Past the feed zone and at the 70km mark, was one of the longest climbs of the day. Conner Sens, Bendigo local like myself, lit it up from the bottom and 1km into this pacing I saw the opportunity to attack. I attacked on the steepest part, watching my Wahoo GPS climbing feature and was off the front solo. With 55km to go I was hoping for company but no reinforcements joined, with the next closest rider behind being cycling legend Nicolas Roche. At the top of the climb, I was given a gap of 40sec to Roach and 1min to the bunch. Still so far from the line I thought to myself I’d commit for the next 5km then re-evaluate. Riding in clean air I was able to open up the descents and make some calculated risks riding the new BMC Kaius. The new Kaius has certainly transformed my riding having such a stable feel on the descents, aggressive geometry and aerodynamic shapes which had me committing to the flatter sections turning over the big ring at speed.


With 40km to go I got a time gap of 1.5mins and knew it was all in now for roughly what I estimated would be a 1.5hr TT. I went to work milking as much time as possible getting low on the bike in fast sections and calculating my efforts on the climbs. I knew if I got out of sight and got the group behind second guessing the case, then it would only benefit myself more. I got my last time gap with 30km to go suggesting I had a lead of 3mins, this was the last time-check I would get as the lead car ironically suffered a flat tire.


With 3hrs or so of mud riding I was super impressed to have the Shimano GRX Di2 shifting flawlessly, even as any signs of having any oil on the chain were long gone. From here to the line, I was ticking down the climbs breaking down the efforts and if I found my mind wandering would start counting pedal strokes. Along the way the course criss-crossed with the shorter distance riders and as I went past would get a rev up from other competitors which was super motivating to have.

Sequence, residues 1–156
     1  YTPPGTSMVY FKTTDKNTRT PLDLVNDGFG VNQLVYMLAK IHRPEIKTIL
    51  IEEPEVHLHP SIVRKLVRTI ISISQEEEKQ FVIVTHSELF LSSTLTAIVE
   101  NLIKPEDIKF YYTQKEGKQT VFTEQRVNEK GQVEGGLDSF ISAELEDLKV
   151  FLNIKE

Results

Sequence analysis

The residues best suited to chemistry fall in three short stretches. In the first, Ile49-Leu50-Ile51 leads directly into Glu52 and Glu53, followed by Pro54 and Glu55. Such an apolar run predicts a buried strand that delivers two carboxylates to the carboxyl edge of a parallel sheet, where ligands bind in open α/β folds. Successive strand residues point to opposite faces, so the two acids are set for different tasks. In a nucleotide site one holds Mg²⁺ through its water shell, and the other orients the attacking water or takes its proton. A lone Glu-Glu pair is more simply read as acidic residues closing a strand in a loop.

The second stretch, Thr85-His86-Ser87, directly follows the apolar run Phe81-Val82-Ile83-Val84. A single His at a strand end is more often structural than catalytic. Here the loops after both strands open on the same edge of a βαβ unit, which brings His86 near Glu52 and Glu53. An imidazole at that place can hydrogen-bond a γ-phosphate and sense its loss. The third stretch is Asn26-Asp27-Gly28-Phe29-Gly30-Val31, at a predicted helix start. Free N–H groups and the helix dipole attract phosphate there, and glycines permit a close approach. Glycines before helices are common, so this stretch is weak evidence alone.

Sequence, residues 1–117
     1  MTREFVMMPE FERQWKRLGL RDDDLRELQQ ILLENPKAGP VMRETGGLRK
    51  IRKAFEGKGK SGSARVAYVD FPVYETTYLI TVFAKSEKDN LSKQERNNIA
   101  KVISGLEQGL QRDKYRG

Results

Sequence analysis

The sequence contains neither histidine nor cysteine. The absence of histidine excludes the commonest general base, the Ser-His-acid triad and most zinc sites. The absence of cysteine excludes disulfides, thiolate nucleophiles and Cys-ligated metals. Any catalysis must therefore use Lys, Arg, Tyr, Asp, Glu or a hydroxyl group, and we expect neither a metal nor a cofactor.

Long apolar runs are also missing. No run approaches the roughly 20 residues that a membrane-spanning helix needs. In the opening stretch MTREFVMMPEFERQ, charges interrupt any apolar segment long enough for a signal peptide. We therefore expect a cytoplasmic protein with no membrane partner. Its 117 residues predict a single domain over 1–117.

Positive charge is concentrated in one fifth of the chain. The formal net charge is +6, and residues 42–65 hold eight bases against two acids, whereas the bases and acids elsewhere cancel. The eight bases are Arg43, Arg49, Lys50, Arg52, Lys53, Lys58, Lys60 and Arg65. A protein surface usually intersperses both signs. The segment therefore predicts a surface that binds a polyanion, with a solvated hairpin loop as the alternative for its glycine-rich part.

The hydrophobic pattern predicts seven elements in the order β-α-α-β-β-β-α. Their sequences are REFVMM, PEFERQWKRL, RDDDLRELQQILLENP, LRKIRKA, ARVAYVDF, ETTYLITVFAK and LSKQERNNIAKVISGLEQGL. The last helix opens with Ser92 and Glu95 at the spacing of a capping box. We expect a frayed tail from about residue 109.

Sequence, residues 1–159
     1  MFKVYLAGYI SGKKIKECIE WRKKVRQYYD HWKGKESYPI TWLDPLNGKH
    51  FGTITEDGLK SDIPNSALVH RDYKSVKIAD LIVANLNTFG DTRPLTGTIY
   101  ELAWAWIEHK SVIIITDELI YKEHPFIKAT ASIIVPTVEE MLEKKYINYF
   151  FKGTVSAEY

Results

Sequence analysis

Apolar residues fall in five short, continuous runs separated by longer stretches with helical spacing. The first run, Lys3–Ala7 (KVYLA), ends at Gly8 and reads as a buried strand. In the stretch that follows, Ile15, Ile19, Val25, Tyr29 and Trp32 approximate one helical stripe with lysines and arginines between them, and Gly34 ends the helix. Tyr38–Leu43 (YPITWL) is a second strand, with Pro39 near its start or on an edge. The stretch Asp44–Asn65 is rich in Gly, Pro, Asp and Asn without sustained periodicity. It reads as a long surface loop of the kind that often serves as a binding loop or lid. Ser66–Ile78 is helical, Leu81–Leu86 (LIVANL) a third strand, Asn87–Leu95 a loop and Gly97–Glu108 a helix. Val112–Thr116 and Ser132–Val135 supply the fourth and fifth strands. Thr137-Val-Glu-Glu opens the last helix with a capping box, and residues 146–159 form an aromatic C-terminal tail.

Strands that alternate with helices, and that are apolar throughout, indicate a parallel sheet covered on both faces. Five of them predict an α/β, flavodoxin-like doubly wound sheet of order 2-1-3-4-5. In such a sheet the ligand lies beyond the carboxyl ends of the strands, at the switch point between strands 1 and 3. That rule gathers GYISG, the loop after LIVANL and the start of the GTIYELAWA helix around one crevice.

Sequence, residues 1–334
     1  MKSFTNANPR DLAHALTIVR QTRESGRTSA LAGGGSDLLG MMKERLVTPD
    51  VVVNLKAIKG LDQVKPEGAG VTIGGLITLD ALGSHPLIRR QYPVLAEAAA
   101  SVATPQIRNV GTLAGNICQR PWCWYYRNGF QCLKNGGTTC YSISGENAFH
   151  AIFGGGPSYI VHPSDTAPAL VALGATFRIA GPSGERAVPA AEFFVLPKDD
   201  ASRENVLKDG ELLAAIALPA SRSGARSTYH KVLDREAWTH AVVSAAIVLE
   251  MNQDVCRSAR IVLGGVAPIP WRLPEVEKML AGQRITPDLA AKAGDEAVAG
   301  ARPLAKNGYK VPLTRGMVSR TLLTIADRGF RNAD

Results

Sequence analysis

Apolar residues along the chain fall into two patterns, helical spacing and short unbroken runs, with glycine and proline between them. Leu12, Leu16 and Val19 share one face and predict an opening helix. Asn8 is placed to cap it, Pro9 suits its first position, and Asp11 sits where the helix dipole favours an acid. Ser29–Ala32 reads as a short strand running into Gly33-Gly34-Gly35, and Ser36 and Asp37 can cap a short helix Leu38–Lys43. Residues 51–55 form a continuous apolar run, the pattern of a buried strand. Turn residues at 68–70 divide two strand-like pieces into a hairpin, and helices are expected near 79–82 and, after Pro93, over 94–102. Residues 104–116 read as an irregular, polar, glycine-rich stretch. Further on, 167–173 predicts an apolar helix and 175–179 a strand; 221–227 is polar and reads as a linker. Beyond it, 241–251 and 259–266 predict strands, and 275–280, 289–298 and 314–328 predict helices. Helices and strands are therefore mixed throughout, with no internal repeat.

All the way to the line I drove it, never wanting to ‘count the chickens before they hatch’. Coming into the village and finish straight I was able to sit up take it in and had a rush of emotions conquering the race and a difficult 24hrs of mayhem. After a lot of bridesmaids finishes at the big events of late it was nice to snatch a big win and perfect timing as I build to Marathon Mountain Bike Champs and Unbound USA all within the next three weeks. In the end I was surprised to hear the time gap was some 8mins to second place.


BMC were supporting the event with a display and even put my dirty race bike front and centre of the expo which was a cool feature. BMC were also raffling off a URS gravel bike to one lucky entrant of the race and I was able to be a part of the presentation of the bike which was quite special.

The Sevens event team put on a great atmosphere post-race and catered to the masses. Celebrating everyone’s achievements with a few war stories out there of riders overcoming adversities.


Winning this event qualifies myself for the Gravel World Championships in Italy at the beginning of November. Being a self-funded rider and with a big USA race block planned this year, I am doubtful I will be able to afford to attend, but will see how things progress.

Thanks for reading, hope it gives a good insight to what was a great event!"



Tasman Nankervis